Monday – March 31, 2014
Mississippi Vietnam Veterans Memorial
Ocean Springs, Mississippi
This is our last day at the Davis Bayou Campground at the Gulf Islands National Seashore in Ocean Springs, Mississippi. We decided to visit the Mississippi Vietnam Veterans Memorial, located about a mile east of the entrance to the Gulf Islands National Seashore on US-90.
Jackson County is home to the Mississippi Vietnam Veterans Memorial that is a living tribute to those who served there and honors the 669 from Mississippi declared dead or Missing in Action in the war. Their names are laser engraved on black granite panels on parallel walls. While all 50 states have Vietnam Memorials, Mississippi’s is unique in that engraved photographs from those memorialized are also displayed.
Included on the Memorial site are plaques honoring WWI, WWII and Korean War veterans, as well as a pedestal-mounted "Huey" helicopter. Honoring Navy veterans, the entire main mast from the retired nuclear cruiser USS Mississippi towers overhead and the "Tullibee Memorial" recognizes sacrifices by the nations submarine veterans.
Flags of the Allied Nations (Australia, South Korea, New Zealand, Thailand and South Vietnam) who fought in Vietnam alongside American troops are flown at the Memorial.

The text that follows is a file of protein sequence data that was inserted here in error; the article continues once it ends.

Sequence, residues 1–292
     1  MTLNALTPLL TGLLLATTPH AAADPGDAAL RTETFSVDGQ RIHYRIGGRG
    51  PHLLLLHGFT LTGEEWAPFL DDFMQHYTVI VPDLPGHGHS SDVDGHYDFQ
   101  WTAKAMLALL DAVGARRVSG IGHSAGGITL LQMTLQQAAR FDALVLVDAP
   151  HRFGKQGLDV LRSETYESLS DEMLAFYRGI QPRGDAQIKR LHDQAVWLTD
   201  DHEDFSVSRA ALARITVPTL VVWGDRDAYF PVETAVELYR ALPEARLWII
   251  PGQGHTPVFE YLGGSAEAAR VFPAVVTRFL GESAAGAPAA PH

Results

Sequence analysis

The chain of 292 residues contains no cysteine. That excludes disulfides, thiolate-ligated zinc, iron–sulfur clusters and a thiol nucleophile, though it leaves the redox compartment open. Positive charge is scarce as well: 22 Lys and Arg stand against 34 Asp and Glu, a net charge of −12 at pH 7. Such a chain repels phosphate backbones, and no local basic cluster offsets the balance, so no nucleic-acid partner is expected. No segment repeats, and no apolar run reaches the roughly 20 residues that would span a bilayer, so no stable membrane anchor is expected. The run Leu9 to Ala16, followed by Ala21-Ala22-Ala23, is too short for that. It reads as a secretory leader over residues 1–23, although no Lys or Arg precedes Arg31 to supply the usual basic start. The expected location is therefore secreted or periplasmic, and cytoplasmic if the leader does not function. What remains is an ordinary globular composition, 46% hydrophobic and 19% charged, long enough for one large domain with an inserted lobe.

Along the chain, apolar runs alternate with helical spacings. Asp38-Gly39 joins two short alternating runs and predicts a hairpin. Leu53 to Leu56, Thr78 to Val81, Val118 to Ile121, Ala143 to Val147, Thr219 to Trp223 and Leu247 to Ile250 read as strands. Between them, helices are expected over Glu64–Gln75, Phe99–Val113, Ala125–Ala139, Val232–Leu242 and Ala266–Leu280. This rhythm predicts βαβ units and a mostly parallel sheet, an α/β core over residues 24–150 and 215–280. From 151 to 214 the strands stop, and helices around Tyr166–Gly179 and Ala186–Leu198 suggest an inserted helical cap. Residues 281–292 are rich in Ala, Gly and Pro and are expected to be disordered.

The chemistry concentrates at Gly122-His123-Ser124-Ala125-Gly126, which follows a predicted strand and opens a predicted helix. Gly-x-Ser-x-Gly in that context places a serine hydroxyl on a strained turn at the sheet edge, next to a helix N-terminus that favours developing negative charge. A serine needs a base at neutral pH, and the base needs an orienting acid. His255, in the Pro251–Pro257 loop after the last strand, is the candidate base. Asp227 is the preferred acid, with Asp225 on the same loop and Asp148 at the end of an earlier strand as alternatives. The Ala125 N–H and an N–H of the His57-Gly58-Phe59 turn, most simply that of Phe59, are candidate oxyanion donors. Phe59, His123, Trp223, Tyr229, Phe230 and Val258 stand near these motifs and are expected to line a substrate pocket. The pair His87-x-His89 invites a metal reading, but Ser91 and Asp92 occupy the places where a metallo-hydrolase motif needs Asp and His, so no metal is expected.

The Tullibee Memorial honors 79 U.S. submarine veterans from WWII who were lost in battle aboard the USS Tullibee (SS-248) on March 26, 1944.
Tullibee began her career in the submarine force in July1943, with her first patrol in the Western Caroline Islands. On this patrol she sank one freighter and damaged another. Her second patrol in an area south of Formosa she sank a transport ship and damaged a tanker and a transport. On her third patrol in the Mariana Islands Tullibee sank a freighter. This gave Tullibee a total of 15,500 tons of shipping sunk and 22,000 tons damaged.
On her fourth patrol leaving Midway on March 14, 1944, Tullibee was not heard from again. According to a lone survivor on the Tullibee, C.W. Kuykendall, CM2, Tullibee arrived on station, March 25, 1944. On March 26, 1944, radar contact was made with a convoy consisting of a troop ship, two freighters, two escort vessels and a destroyer.
Tullibee made several surface runs on the transport, but held fire due to squally weather. At 3,000 yards and still unable to see the target, she fired two bow torpedoes. A minute or two later a terrific concussion shook the boat. Kuykendall, who had been on the bridge, found himself in the water. Kuykendall stated the explosion was a result of a circular run by one of Tullibee’s torpedoes.
There were shouting men in the water when Kuykendall regained consciousness. After about ten minutes everything was silent. On March 27, 1944, a Japanese escort vessel came in and rescued him. He learned that the transport they had fired at was sunk.
The story of Kuykendall’s captivity is much the same as the survivors of Grenadier, Sculpin, Tang, Perch and other U.S. submarines. He was questioned and beaten when he refused to talk. On April 19, 1944, he was taken to Ofuna Naval Interrogation Camp where he stayed until September 30, 1944. From that date until September 4, 1945, he was forced to work at the copper mines at Ashio.
The Mississippi Vietnam Veterans Memorial is a wonderful tribute to Mississippi veterans who lost their lives in service to their country. It provides a unique space for those visitors who wish to sit and pay silent homage to these courageous young men and women.
Tomorrow another adventure begins.